Last Spring, in New Jersey, the Department charged 29 defendants for their alleged roles in massive, international conspiracies to import hundreds of millions of dollars in counterfeit goods from China. On a single day, 20 coordinated arrests were made in four U.S. states and the Philippines.
The Department also continues to work with the Department of Homeland Security on Operation in Our Sites, an ongoing, multi-year law enforcement initiative that targets businesses engaged in online counterfeiting and piracy and is designed to disrupt infringing sites and to educate and protect consumers. Through Operation in Our Sites the Department and law enforcement has seized over 839 domain names and replaced them with a law enforcement banner which has been viewed over 103 million times.
In January, the Department unsealed an indictment against seven individuals and two corporations for running an organized criminal enterprise engaged in massive online piracy, through the website MegaUpload.com and other sites. Megaupload is alleged to have generated $175 million in criminal proceeds and caused over $500M in harm to copyright owners; and they boasted being responsible for 4 % of all traffic on the Internet.
And of course, through the efforts of the talented prosecutors in the USAO here in Michigan, we have achieved numerous significant successes prosecuting intellectual property and computer crimes.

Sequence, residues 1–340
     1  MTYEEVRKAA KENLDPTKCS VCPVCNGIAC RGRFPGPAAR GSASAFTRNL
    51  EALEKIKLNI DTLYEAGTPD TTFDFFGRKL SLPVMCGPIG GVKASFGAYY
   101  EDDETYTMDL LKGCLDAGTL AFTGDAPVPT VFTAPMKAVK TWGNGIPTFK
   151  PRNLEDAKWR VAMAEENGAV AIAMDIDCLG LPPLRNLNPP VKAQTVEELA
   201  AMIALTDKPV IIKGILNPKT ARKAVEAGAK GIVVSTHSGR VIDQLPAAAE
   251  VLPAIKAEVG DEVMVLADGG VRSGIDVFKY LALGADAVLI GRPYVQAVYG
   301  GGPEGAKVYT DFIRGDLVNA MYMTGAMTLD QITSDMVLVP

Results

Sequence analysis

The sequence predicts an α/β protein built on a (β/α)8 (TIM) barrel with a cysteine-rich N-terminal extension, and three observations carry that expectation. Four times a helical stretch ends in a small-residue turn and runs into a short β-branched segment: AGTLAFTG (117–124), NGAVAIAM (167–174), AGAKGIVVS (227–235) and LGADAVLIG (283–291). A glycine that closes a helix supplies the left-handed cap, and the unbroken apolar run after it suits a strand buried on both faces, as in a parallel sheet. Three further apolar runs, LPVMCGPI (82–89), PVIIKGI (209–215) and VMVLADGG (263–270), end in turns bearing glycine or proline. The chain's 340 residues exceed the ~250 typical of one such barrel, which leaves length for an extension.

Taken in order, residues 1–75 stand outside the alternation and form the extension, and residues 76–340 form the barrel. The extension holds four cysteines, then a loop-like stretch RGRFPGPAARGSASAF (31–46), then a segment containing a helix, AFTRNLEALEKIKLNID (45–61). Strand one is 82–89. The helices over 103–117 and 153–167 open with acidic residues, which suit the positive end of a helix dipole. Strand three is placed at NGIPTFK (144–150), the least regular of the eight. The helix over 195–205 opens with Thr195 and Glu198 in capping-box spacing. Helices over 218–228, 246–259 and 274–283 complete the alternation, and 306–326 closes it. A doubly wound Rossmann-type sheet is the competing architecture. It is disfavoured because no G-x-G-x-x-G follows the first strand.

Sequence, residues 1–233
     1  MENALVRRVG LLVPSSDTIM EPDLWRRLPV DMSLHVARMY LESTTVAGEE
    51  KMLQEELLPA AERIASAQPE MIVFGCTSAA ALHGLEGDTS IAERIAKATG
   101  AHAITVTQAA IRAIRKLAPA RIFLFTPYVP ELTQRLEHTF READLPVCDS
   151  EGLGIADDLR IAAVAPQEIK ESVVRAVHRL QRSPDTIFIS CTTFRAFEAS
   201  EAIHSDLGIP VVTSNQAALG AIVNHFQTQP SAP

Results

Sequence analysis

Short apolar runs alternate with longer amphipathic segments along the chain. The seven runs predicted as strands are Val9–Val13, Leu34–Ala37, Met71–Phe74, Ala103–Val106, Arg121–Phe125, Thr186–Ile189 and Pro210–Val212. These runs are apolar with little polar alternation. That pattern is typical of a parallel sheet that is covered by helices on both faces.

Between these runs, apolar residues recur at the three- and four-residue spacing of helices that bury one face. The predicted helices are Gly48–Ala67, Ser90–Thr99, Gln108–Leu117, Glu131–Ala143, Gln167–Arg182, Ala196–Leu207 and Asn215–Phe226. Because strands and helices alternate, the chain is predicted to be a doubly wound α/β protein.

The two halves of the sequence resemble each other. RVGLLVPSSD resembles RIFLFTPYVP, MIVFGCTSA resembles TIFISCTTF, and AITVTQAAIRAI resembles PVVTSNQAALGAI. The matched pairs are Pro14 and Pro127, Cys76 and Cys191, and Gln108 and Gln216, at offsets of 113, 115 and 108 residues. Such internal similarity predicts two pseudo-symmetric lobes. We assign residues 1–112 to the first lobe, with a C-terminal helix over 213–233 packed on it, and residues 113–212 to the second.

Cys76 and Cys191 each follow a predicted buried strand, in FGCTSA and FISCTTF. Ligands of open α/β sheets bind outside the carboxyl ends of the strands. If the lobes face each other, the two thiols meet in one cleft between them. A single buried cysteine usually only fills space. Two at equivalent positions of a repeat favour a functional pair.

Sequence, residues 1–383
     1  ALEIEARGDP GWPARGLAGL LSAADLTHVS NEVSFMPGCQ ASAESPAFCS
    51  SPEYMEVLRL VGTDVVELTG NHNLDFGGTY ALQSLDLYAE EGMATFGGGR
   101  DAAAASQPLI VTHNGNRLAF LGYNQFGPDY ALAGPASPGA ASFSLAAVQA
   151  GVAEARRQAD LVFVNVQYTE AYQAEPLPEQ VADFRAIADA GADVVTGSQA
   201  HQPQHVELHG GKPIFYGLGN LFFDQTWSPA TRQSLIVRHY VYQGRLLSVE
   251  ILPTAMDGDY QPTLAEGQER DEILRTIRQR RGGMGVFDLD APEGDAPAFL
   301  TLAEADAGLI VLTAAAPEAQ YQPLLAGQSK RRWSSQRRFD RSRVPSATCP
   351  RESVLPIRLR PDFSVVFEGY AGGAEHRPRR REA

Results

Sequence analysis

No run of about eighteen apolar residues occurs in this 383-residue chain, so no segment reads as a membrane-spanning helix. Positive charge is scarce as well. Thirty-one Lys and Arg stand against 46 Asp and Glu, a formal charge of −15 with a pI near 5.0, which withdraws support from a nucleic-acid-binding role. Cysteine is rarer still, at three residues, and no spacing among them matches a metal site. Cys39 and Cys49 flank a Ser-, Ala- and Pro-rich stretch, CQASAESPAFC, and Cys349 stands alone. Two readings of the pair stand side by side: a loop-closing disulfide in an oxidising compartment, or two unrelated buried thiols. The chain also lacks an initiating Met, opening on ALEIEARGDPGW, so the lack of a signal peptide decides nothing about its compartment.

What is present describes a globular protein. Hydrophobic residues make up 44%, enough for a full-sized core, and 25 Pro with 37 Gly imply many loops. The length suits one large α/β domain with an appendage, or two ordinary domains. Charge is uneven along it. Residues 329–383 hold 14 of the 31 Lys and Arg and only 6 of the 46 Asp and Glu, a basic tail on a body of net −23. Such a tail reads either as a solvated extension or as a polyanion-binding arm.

For example, a former employee of Ford Motor Company, headquartered in Dearborn, was sentenced to six years in prison for stealing trade secrets to benefit a Chinese competitor. Before leaving his job at Ford to work for a Chinese company, the defendant copied more than 4,000 documents onto an external hard drive, including sensitive design documents pertaining to electrical systems, which he took with him to China.
In another case, employees of Metaldyne Corporation, headquartered in Plymouth were convicted and sentenced to prison for conspiracy to steal proprietary information to assist a Chinese competitor. The proprietary information involved the manufacturing process for powdered metal parts.
In a third case, owners of an auto parts supplier in Chesterfield Township were convicted for their roles in a scheme to substitute cheap, substandard materials for use in seat belt assemblies, putting consumers at risk.
In a pending case, a husband and wife have been charged with conspiracy to possess trade secrets from General Motors. The indictment alleges that one of the defendants, while employed by General Motors, provided GM trade secret information relating to hybrid vehicles to her husband for the benefit of a foreign competitor. The trial in that case is set for next month.
These actions are just a few illustrations of our vigorous efforts to enforcement intellectual property laws here in Michigan and throughout the United States. And they send a message to would-be offenders that we will aggressively pursue those who would commit these offenses.
Although the U.S. Attorney’s Office and the Department of Justice have done much to protect our nation’s intellectual property, I recognize that there is more work to be done.